According to a Washington Post-Schar School poll released this week, 51 percent of adults approve of the way Mueller is handling the investigation, while 34 percent disapprove. Similarly, 57 percent think Mueller is mostly interested in uncovering the truth, while 36 percent think he's out to hurt President Trump politically. By contrast, a majority of Americans thought Starr was mainly interested in hurting then-President Bill Clinton politically in the Whitewater investigation.
Attorneys representing Morales, Diaz, two of the undocumented employees who've recently gone public, and other former Trump workers say that the real caravan isn't one made up of asylum-seekers, but instead of workers going to the New Jersey club, where management even helped some procure fake paperwork. "Bedminster golf course employed so many undocumented immigrants," tweeted Washington Post reporter David Fahrenthold, "that there's an entire town in Costa Rica built on Trump paychecks." read more
Escobar started with four hippos during his reign of terror. Now they number in the dozens and Columbia doesn't know how to stop them. The giants, native only to Africa, are now running wild in Colombia, reports CBS News' Manuel Bojorquez. There's concern the hippos have already started to displace native wildlife, like the manatee, and keep getting too close for comfort. read more
The popular video streaming service Netflix posted its largest-ever U.S. profit in 2018 -- $845 million -- on which it didn't pay a dime in federal or state income taxes. In fact, the company reported a $22 million federal tax rebate.After a year of speculation and spin, the public is getting its first hard look at how corporate tax law changes under the Tax Cuts and Jobs Act affected the tax-paying habits of corporations. The law sharply reduced the federal corporate rate, expanded some tax breaks and curtailed others. The new tax law took effect at the beginning of 2018, which means that companies are just now closing the books on their first full year under the new rules.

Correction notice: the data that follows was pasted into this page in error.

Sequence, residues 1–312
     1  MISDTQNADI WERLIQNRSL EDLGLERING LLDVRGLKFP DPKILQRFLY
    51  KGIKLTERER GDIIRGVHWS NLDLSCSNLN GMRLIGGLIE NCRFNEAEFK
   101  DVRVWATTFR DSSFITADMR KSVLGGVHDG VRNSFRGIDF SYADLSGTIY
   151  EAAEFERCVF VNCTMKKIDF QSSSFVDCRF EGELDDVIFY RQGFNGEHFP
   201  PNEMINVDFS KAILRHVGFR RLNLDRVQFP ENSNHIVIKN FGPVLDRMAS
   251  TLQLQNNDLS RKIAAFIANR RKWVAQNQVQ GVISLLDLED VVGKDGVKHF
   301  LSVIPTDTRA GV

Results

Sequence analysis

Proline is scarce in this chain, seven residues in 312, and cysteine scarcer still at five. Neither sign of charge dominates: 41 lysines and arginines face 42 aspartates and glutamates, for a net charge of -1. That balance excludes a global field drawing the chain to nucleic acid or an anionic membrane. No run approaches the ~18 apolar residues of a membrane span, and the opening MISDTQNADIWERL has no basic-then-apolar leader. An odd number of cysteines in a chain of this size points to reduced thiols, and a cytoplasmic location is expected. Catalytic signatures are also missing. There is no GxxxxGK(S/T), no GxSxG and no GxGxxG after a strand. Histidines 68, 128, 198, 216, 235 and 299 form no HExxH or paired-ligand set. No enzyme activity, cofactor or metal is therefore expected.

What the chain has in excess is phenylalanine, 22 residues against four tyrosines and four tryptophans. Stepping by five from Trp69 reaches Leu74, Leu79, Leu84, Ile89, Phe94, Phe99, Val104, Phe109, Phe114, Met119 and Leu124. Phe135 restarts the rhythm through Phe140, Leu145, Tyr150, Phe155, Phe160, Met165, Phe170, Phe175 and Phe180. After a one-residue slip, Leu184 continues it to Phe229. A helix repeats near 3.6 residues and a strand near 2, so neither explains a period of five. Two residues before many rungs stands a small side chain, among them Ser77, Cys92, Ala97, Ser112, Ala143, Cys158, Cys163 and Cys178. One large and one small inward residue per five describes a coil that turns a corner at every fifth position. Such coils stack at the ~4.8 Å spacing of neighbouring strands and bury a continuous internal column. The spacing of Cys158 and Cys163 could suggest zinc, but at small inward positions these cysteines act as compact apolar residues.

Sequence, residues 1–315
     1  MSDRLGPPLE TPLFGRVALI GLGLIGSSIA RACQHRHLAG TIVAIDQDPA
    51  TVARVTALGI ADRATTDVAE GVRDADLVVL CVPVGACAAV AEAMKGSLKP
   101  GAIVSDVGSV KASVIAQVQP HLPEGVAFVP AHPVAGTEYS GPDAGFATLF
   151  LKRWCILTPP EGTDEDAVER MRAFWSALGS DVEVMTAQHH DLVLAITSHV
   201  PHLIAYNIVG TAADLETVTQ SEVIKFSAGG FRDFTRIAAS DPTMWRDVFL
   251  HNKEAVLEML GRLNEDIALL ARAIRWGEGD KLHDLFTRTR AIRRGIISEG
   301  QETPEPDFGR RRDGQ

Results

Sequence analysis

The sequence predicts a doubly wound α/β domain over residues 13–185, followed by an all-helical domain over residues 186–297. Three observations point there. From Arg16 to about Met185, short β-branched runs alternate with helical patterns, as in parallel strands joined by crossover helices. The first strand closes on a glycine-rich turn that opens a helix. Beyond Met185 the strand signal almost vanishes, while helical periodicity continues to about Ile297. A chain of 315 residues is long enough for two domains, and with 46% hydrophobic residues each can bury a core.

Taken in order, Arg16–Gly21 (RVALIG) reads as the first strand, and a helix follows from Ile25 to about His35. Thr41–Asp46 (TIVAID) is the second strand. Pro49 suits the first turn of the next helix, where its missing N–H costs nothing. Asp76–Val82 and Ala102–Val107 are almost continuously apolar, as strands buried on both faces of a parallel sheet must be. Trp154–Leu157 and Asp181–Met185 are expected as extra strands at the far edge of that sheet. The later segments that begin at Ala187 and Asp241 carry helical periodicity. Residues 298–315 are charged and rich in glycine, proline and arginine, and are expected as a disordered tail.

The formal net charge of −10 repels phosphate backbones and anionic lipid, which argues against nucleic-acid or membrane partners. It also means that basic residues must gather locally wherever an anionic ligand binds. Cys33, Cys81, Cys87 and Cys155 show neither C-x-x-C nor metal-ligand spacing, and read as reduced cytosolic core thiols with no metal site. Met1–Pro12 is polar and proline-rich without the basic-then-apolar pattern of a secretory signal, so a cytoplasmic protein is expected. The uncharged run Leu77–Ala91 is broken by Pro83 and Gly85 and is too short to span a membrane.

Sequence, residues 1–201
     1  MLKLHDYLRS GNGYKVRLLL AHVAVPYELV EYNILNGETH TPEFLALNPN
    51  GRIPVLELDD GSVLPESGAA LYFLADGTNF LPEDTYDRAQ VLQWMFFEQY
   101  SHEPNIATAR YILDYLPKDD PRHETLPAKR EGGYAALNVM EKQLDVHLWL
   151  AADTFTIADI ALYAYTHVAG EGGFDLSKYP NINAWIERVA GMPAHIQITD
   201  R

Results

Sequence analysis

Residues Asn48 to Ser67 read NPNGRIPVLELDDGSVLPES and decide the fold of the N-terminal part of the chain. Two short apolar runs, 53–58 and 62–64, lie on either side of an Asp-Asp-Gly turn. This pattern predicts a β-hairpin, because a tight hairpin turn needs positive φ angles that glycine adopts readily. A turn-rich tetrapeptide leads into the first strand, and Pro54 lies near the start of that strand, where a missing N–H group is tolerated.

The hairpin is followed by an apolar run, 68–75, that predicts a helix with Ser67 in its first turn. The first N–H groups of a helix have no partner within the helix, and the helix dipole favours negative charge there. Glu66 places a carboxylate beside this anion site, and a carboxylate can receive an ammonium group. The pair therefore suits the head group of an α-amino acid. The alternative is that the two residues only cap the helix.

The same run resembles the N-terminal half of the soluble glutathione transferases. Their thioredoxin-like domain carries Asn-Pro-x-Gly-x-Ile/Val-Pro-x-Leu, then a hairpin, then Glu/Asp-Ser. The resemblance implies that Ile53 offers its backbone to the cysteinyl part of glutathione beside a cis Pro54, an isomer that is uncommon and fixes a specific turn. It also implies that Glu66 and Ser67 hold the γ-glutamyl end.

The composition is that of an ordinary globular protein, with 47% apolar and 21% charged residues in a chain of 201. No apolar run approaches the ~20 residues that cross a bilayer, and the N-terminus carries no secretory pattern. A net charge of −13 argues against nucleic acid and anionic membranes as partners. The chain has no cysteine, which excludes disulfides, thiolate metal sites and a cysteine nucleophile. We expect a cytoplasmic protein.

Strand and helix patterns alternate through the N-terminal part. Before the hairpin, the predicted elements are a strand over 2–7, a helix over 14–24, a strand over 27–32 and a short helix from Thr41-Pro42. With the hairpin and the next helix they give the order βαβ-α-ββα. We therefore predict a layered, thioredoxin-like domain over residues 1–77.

President Donald Trump has spent around 60 percent of his working hours since last year's midterm elections sequestered in "executive time" at the White House, according to copies of his personal schedule obtained by Axios. The outlet on Sunday published Trump's private schedule for almost every working day for the past three months, obtaining them from an unnamed White House source. The documents reveal that the president has spent some 300 hours in executive time, an unstructured period Axios said was a catch-all time for watching television, making phone calls to advisers and friends and reading the news. read more